What is another word for sapphic?

Pronunciation: [sˈafɪk] (IPA)

Sapphic is a word often used to describe things related to lesbianism, specifically to the Greek poet Sappho, who wrote lyric poetry about love and desire between women. However, there are many other words that can be used as synonyms for the word "sapphic." Some of these might include lesbian, homosexual, gay, same-sex, or queer. Other terms could encompass more specific aspects of the LGBTQ+ community, like pansexual, non-binary, or transgender. Regardless of the specific word used, it is important to promote inclusivity and acceptance for all individuals, regardless of their sexual orientation or gender identity.

Synonyms for Sapphic:

What are the hypernyms for Sapphic?

A hypernym is a word with a broad meaning that encompasses more specific words called hyponyms.

What are the opposite words for sapphic?

Sapphic is a term used to describe works of art or literature that are related to or emanating from the ancient Greek poet Sappho. Although the word "sapphic" does not inherently imply anything negative or positive, it is understandable that some readers or scholars might want to find antonyms to describe things that are unrelated to Sappho or her works. Some antonyms for the word "sapphic" could include words like "heterosexual," "masculine," "non-romantic" or "straight," depending on the context in which the word is being used. It is important to note, however, that using antonyms to describe something is not necessarily a condemnation of that thing.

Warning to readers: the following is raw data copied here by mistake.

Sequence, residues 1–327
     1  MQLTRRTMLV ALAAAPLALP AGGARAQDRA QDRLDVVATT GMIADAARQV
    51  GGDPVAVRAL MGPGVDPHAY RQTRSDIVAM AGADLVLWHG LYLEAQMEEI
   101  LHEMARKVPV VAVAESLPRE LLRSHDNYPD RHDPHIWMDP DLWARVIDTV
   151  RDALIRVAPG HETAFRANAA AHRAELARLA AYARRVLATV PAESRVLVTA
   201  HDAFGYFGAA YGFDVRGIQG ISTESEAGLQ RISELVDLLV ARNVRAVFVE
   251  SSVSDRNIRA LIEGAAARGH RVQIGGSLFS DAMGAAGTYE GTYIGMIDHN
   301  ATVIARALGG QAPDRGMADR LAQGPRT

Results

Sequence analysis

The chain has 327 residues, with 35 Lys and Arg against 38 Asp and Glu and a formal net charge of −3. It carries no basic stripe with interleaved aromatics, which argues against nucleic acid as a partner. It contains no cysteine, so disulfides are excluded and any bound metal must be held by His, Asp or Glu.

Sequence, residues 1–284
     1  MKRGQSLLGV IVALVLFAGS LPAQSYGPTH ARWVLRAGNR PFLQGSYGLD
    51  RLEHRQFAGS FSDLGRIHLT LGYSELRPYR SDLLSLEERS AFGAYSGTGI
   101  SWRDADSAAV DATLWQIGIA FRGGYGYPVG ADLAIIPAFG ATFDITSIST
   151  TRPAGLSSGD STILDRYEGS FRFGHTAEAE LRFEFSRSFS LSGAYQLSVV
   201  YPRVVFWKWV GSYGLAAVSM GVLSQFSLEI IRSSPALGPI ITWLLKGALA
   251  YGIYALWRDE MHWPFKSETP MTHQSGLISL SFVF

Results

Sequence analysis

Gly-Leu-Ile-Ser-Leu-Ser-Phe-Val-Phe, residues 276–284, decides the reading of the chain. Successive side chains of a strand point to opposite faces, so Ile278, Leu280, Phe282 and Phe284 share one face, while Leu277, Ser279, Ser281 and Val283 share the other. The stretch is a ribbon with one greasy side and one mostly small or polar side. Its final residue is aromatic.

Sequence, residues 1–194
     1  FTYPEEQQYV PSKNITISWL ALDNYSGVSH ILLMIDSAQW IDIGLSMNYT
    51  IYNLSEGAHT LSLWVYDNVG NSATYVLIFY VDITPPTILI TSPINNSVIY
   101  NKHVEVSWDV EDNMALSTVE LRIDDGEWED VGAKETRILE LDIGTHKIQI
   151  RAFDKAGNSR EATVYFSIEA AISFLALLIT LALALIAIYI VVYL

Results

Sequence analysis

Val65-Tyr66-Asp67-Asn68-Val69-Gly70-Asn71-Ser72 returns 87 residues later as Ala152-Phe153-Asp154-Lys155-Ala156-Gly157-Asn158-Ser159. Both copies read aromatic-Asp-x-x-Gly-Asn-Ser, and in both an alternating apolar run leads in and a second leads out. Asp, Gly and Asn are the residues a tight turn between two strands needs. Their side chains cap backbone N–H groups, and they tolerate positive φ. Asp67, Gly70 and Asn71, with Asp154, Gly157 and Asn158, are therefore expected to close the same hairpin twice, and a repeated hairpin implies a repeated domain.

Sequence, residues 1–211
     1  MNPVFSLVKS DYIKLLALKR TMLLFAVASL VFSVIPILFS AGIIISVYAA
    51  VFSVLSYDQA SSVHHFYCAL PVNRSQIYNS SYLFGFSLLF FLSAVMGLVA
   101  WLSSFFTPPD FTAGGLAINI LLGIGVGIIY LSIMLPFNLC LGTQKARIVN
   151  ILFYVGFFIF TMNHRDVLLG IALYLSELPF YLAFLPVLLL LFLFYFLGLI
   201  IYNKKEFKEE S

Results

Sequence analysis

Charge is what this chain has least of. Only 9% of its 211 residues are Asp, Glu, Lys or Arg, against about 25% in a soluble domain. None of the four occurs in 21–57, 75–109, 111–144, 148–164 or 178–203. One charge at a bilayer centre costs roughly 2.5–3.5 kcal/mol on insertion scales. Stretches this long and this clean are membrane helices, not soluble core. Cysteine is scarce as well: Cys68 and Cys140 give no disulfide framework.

What are the antonyms for Sapphic?

Usage examples for Sapphic

Thaddeus preferred this pathetic whim to her former sapphic follies; it afforded him quiet, and relieved him from much embarrassment.
"Thaddeus of Warsaw"
Jane Porter
Stray breaths of sapphic song that blew Through Mitylene Shook the fierce quivering blood in you By night, Faustine.
"Poems & Ballads (First Series)"
Algernon Charles Swinburne
In such cases, as the Horatian sapphic and the Ovidian elegiac, where the structure of the verse is too slight to produce this impressive effect, there is still a remarkable divergence from the freedom and manifold harmony of the early Greek poets to a more uniform and monotonous cadence.
"The Roman Poets of the Republic"
W. Y. Sellar

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